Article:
It goes without saying that 2016 will be a consequential year in American history. We might elect the first female president in our nation’s history ever to be indicted for mishandling state secrets. Or, we might finally be able to look our young billionaires and reality show stars in the eye and tell them: “See, even you can be president someday.” And, perhaps most importantly, all your #hottakes about the presidential election may no longer be limited to 140 characters.
Perhaps 2016 will be the year in which a majority of children in the U.S. are born with an already established and active social media account. Fine. But can we at least try to avoid letting 2016 be the year in which political dating apps become a thing? We’re better than that. (I mean, we’re obviously not, but let’s just please pretend we are for a little while longer.)
You may or may not be horrified to learn that many years ago, Fox News host Sean Hannity launched his own dating website called “Hannidate,” basically a Tinder for the politically conservative. Hannidate ultimately failed, because it was ahead of its time, and also for legal reasons. But the idea lives on. Asked in a recent interview about the defunct dating site, Hannity proclaimed, “I actually love the idea.”
He’s not the only one. In the UK, the left-leaning Guardian newspaper and the right-leaning Telegraph operate their own dating websites. Last year, a bunch of millennials got together to create candiDate, an app with the irresistible tagline: “Vote your values. Date your passion.” Users looking for a “quick hookup” were advised to keep using Tinder. But if you were interested in finding a mate who “matches your positions on the key issues impacting the world today,” candiDate was the app for you. Despite generally positive user reviews, it appears to have met the same fate as Hannidate. Good.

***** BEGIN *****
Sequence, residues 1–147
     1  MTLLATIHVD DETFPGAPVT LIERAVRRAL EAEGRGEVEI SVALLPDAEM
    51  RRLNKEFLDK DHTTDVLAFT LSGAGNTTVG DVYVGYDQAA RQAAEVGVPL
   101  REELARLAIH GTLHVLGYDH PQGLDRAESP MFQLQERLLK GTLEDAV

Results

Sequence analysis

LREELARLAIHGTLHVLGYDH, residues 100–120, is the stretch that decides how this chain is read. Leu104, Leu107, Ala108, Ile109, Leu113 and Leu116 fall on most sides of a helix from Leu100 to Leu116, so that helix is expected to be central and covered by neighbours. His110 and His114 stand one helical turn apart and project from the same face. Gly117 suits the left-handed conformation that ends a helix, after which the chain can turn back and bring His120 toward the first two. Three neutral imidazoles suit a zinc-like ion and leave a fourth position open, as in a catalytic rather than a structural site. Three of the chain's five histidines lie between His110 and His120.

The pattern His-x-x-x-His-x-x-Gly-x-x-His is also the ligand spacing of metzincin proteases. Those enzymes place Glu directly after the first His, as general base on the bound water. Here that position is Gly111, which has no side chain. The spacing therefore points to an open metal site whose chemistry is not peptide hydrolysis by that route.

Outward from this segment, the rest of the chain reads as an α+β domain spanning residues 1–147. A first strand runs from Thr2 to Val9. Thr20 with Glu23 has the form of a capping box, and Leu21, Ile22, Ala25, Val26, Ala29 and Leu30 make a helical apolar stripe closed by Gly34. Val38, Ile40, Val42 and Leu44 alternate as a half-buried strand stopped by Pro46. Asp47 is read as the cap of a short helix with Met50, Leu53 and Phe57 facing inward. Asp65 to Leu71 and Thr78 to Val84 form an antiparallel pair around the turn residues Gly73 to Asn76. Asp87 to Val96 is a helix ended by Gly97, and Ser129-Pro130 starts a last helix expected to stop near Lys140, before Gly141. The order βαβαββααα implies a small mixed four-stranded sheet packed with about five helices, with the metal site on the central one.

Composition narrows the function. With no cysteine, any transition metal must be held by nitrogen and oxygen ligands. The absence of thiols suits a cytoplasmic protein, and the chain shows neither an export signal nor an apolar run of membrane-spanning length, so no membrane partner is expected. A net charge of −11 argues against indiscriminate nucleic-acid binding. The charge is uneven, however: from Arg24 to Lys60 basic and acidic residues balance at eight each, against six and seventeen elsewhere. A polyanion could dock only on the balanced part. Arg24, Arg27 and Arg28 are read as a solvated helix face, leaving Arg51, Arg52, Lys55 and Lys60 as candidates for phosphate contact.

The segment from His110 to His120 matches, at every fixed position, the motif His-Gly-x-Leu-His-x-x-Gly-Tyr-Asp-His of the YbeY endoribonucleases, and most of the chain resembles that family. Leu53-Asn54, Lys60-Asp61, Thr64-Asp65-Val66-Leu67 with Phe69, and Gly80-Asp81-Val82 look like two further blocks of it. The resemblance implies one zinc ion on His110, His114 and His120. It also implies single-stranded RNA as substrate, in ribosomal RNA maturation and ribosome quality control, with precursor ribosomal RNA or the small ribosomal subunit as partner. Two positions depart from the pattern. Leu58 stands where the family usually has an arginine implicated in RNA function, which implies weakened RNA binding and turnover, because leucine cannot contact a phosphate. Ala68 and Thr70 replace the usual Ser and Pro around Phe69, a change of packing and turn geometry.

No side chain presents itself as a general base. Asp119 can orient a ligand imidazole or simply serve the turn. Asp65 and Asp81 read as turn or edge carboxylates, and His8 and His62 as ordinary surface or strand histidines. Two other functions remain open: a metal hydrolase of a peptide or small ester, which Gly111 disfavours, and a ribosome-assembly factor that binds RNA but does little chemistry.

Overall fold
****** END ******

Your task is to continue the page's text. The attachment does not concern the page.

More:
The extent to which politics have been seeping into our culture is disturbing. Consider the Internet meltdown that ensued when Oscar Isaac, one of the stars of The Force Awakens, was seen wearing an Ayn Rand t-shirt in a photograph taken five years ago. Literally everything is a problem these days. Pretty soon we’ll have an app that lets us scan product barcodes to and run them through a database to ensure the company that makes the product is run by people who think correct thoughts about politics. Never mind, that already exists; it’s called BuyPartisan.
Everything is political these days, and Americans seem less and less willing to even associate with ideological opponents, because we’re all so convinced that our beliefs are ethical and righteous and anyone who disagrees must have some kind of moral defect. Obama is a baby-killing fascist who cries fake tears and wants to destroy America; conservatives are heartless gun freaks who cheer the deaths of children in mass shootings because it means the value of their gun stocks will increase, and so on. In 1960, roughly five percent of Americans said they’d be upset if their child married someone from a different political party. By 2010, that figure is now one-third of Democrats and half of Republicans. Dating apps that focus exclusively on politics seems like a natural next step.
On the one hand, political affiliation tends to be a pretty good indicator of other shared interests. If you’re religious and enjoy going to the gun range, you’ll probably have more in common with another Republican, whereas vegetarian cyclists who pretend to be Canadian when traveling abroad are more likely to hit it off with other Democrats. On the other hand, that’s a pretty damning indictment of our culture and the increasingly politicized and polarized world in which we live.
Maybe we’d all be a lot better off if we spent less time decrying anonymous libtards or rethuglicans on social media, and more time going on awkward dates with real life people we might disagree with occasionally. Maybe we could all agree that the truly morally objectionable people are the ones who might tell their children who to marry based on politics. Then we could date as we should, and all just get tipsy and talk about the latest Star Wars meme and take pictures of our food and do hoverboard jousting with selfie sticks like two mad lovers retweeting each other’s come-ons into the silver half-light of our American dawn.